The Merits of Black and White Cinema, with Director A.J. Edwards

A.J. Edwards is the director of the new film The Better Angels, which highlights the formative years of Abraham Lincoln. In this Big Think interview, Edwards explains his decision to shoot the film in black and white.

A.J. Edwards is the director of the new film The Better Angels, which highlights the formative years of Abraham Lincoln. A protégé of the visionary filmmaker Terrence Malick, Edwards' work is similarly steeped in a bold aesthetic emphasized by beautiful, sweeping cinematography. In the following clip from his Big Think interview, Edwards discusses this aesthetic and explains his decision to shoot the film in black and white:


"The Better Angels was conceived in black and white from the very beginning. It was just the way that I felt Lincoln existed. Lincoln lives in black and white and I didn’t want to see him in color."

Not only did Edwards feel black and white was an aesthetic imperative, he knew it would remove "the romance" from Lincoln's frontier upbringing. America's historical perspective of the era is highlighted with nostalgic sentimentality. A lot of that sentimentality draws from a bevy of cultural clichés: coonskin caps, muskets, log cabins, etc. Edwards didn't want to film Frontierland from Disneyland. He hungered for something more stark, austere, and honest. Black and white helped him achieve that.

Edwards explains that there are many additional benefits and stigmas attached to filming in black and white. He explains how the form offers a unique sensory experience dwelling in a world of abstraction:

"With color the image is much busier. There’s much more to take in. There’s more specificity to it. Black and white immediately abstracts things and makes symbols out of it so that 'man' or 'woman' suddenly isn’t as specific... It gives you a generality in the best way."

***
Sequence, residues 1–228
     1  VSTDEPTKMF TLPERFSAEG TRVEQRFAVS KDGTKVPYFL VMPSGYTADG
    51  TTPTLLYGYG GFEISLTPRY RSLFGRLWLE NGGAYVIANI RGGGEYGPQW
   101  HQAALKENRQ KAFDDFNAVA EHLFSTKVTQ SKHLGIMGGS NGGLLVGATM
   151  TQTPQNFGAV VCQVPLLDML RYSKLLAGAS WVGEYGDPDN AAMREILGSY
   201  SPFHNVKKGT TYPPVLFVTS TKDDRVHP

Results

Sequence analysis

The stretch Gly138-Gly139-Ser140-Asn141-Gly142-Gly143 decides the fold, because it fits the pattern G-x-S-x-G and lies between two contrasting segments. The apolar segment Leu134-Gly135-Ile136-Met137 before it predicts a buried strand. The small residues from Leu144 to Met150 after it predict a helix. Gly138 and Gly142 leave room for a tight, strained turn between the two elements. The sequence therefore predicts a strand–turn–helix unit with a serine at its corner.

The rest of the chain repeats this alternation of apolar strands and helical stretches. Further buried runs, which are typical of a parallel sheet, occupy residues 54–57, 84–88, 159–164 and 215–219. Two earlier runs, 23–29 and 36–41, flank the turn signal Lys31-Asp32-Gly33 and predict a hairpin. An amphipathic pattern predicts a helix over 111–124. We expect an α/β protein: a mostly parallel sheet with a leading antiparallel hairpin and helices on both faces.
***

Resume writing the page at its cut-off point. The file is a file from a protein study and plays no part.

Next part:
Other reasons Edwards enjoys shooting in black and white include how vividly the format evokes the past and the unity it provides for a film's art department. On the other side of the coin though, he explains the challenges implicit with black and white cinema, particularly when it comes to selling a film to producers and audiences:

"Black and white has a stigma that’s attached to it. People view it as a disadvantage in that you’re limiting your audience, your financial prospects and categorizing your picture as something that it may not be. You know if you shoot black and white people immediately think art or they immediately think serious. And so if someone is to consider black and white for their project I guess I would say the heads up that I would offer is that they need to be prepared to fight for it and lobby for that."

Then again, he says, Schindler's List made over $320 million. The Artist won best picture. Black and white won't raise or sink any particular film. In the end, performance and story will win out.

"And so if the story’s there, the performances are there it will connect people. And connections are not in color or in black and white. They’re invisible but just as real."

The Better Angels hit theatres this month in a limited release and, looking forward, Edwards appears to have a bright future ahead of him (especially if recent Star Wars rumors are to be believed). You can watch the trailer for The Better Angels below:

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